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Murkowski didn't vote for Trump, won't join Democrats

Alaska Sen. Lisa MurkowskiLisa Ann MurkowskiThe Hill's Morning Report - Presented by Facebook - GOP torpedoes election bill; infrastructure talks hit snag White House digs in as infrastructure talks stall Schumer vows next steps after 'awful' GOP election bill filibuster MORE (R) said Friday she did not vote for former President TrumpDonald TrumpIran claims U.S. to lift all oil sanctions but State Department says 'nothing is agreed' Ivanka Trump, Kushner distance themselves from Trump claims on election: CNN Overnight Defense: Joint Chiefs chairman clashes with GOP on critical race theory | House bill introduced to overhaul military justice system as sexual assault reform builds momentum MORE in November's election but pledged she would stay in the Senate Republican Conference, once again ruling out the possibility of caucusing with Senate Democrats.

Murkowski called for her fellow Republicans to rethink and rebuild what their party is about, urging it to be the more inclusive party it was under former Presidents Reagan, George H.W. Bush and George W. Bush.

Murkowski noted that she has previously said “if the Republican Party continues to be the party of Trump, I’m not quite sure where I fit.”

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She acknowledged, “I can be very discouraged at times by things that go on in my own caucus, in my own party.

“I think each member feels that,” she added. “But I have absolutely no desire to move over to the Democrat side of the aisle.”

Murkowski revealed Friday that she did not vote for Trump but instead wrote in another person to be elected president. She declined to reveal who that was.

“He didn’t win,” she quipped.

“People have asked and it’s like, you know what, it’s not really relevant who I voted for,” she added.

She told Alaska public radio earlier this month that she “absolutely, unequivocally” would “not” consider a party switch.

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Her earlier comments, however, raised questions whether she might leave the Republican Party to become an independent.

Murkowski on Friday signaled that she still thinks the Republican Party best reflects her views, although she would like to see it return to what it was under Reagan and the Bushes. 

She said she feels most “at home” in a Republican Party that embodies the characteristics of “big-tent Republicans.”  

“I would like us to be that party that is inclusive of young people and minorities and LGBTQ and all people everywhere regardless of demographic or background,” she said. “I think the Republican Party has so much to offer if we can just get away from the personalities that have shaped it into a more narrowly defined view.”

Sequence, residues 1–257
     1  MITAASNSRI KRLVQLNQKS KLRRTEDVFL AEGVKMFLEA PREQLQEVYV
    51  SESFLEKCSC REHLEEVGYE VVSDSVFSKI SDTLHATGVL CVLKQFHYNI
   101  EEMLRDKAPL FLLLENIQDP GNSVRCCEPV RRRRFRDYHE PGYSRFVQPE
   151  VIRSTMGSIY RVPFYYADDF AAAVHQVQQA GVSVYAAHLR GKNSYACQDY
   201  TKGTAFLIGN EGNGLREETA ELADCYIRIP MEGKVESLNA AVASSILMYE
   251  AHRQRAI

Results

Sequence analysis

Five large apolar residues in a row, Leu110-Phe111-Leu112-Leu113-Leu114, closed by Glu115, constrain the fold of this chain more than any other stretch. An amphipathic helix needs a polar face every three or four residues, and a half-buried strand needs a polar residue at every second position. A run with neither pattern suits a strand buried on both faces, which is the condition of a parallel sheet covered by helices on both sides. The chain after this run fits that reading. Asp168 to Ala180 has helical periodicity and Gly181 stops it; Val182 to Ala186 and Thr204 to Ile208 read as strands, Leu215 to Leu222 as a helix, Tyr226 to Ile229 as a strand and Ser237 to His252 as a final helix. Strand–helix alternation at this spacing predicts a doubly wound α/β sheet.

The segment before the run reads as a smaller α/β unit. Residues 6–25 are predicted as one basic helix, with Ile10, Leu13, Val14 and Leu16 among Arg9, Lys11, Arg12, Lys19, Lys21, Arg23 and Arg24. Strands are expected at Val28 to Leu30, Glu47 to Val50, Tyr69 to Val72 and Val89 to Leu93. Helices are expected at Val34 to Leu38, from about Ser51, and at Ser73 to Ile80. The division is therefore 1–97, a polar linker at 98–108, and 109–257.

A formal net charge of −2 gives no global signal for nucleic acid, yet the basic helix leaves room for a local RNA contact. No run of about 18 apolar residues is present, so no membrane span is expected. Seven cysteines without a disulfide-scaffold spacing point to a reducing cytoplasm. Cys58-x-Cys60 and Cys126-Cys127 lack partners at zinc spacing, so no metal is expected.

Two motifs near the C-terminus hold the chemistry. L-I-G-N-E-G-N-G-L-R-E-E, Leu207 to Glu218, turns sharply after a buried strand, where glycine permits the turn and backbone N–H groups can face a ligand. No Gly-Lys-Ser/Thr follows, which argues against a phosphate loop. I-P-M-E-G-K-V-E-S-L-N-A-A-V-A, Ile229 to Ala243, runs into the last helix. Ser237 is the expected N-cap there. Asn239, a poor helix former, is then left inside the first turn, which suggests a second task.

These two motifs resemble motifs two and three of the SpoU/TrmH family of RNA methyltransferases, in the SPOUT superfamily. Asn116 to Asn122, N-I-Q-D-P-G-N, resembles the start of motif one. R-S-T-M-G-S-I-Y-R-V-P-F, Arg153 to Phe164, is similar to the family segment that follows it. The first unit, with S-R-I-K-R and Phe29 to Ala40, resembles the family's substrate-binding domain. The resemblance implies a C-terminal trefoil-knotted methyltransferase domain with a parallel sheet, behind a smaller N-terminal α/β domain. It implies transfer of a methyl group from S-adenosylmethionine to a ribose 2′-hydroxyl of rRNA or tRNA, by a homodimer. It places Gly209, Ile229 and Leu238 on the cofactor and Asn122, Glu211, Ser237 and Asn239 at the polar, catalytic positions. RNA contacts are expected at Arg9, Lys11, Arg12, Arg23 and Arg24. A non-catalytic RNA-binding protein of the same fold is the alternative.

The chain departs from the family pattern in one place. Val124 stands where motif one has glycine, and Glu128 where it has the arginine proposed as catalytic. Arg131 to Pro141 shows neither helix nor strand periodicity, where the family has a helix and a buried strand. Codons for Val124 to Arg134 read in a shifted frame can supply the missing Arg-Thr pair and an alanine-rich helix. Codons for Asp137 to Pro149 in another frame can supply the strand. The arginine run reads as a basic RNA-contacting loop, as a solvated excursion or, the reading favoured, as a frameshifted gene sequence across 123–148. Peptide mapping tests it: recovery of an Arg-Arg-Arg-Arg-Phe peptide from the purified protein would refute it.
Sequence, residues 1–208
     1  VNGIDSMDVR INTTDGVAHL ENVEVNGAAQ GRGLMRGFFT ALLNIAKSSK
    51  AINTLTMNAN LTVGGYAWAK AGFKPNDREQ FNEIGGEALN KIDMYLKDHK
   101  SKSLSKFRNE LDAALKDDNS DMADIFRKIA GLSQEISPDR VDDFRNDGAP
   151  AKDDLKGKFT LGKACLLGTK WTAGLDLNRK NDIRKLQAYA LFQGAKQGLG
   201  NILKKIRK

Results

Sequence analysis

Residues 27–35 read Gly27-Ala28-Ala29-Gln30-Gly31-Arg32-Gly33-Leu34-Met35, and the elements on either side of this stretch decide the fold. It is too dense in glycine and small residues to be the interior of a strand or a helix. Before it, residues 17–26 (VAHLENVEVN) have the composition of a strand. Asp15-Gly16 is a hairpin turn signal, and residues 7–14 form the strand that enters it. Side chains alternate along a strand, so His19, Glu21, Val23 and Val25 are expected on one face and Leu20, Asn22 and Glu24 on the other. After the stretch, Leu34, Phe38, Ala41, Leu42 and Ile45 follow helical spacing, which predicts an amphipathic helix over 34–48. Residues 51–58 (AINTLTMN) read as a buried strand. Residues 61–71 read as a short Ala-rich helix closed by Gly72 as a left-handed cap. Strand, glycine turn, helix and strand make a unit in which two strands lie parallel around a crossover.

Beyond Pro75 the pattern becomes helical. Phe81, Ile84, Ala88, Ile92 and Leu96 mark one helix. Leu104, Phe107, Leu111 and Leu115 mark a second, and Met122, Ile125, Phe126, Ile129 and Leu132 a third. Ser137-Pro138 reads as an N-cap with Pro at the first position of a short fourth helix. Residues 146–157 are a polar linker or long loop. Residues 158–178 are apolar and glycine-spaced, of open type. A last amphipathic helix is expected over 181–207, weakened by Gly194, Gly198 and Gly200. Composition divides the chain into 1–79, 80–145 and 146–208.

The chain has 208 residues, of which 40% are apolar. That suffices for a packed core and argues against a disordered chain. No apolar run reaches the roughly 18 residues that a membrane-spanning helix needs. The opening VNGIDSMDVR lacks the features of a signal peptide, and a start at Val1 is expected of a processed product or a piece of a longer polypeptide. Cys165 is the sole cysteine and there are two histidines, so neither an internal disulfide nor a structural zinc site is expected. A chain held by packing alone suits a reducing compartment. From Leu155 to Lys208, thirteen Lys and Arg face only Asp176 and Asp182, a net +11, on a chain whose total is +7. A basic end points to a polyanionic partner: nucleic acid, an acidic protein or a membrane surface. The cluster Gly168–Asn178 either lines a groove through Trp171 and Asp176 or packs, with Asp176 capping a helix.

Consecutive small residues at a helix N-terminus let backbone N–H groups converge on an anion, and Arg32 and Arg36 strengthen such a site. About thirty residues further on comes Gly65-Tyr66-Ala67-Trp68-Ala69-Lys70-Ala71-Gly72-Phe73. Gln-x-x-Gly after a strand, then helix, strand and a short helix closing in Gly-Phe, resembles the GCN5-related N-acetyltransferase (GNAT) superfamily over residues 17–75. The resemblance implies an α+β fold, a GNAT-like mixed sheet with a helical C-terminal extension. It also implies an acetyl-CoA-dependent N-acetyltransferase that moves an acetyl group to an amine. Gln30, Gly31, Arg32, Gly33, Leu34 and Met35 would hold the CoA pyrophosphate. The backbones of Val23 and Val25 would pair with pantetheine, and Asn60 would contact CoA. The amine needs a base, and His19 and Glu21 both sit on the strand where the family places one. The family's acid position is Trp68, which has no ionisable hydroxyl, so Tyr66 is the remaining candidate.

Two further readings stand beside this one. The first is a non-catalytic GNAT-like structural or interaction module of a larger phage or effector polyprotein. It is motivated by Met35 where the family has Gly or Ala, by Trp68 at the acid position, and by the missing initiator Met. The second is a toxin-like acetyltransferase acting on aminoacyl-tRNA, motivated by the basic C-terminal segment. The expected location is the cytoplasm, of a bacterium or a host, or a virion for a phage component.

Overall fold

Murkowski said she was urged to consider joining the Libertarian Party in 2010 after she lost her Republican primary race against Joe Miller.

“I said but I’m not a Libertarian,” she said. “I actually did have a conversation with the head of the Libertarian Party. And I said, ‘Thank you but no thank you.’ I don’t fly a flag of convenience. If it’s not who I am, it’s not who I am.”

Despite being abandoned by the National Republican Senatorial Committee, Murkowski won the general election that year as a write-in candidate.

On Friday, she pushed back against pundits and conservative critics who say she doesn’t fit in the modern Republican Party, which has become dominated by Trump’s enthusiastic popularity among many base GOP voters.

“Some of the Republicans will say, ‘Well, you’re not really one of us,’ ” she noted. “Let’s define what is the Republican Party nowadays?

“Where is the Republican Party? Who really exemplifies the heart of the party right now?” she asked. “I think in many ways we are a party that is really struggling to identify."

“We have some that have solidly identified with Trump and probably will continue to identify for years going forward but you have a lot of other people that were not really sold on Trump but they absolutely embraced the policies,” she added.

Murkowski said President Biden’s new executive actions, including a temporary moratorium on oil and gas exploration in the Arctic National Wildlife Refuge are giving her “heartburn.”

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“We’re getting smashed right now with regard to suspension of permits,” she said. “Supposedly it’s just a temporary suspension. Well if you suspend permits now — we only have a season that’s two months long, three months long in terms of exploration.”

She said she is hearing a lot of Alaskans that “are like, ‘Man, we might not have liked Trump but we sure appreciated that he understood the value of not only the resource but the jobs that come with it.’ ”

As the party tries to figure out what it’s about now that Trump is out of office, Murkowski said, “I don’t view myself as the person who is going to carry the Republican flag and say 'everybody line up with me, this is the vision that I have and let’s kind of reclaim the party.' ”

“I’m going to continue to be the same person that I always have been, which is an individual that has views that many would say are moderate when it comes to issues of social matters,” she said, adding that she holds more mainstream conservative views on “fiscal, job-related” policy questions.

Broadly speaking, Murkowski favors freedom “from government regulations for the fullest extent possible.”

“I see that I continue in the role that I have, which is one that is not afraid to be in the middle, even if there are not a lot of people there with me,” she said.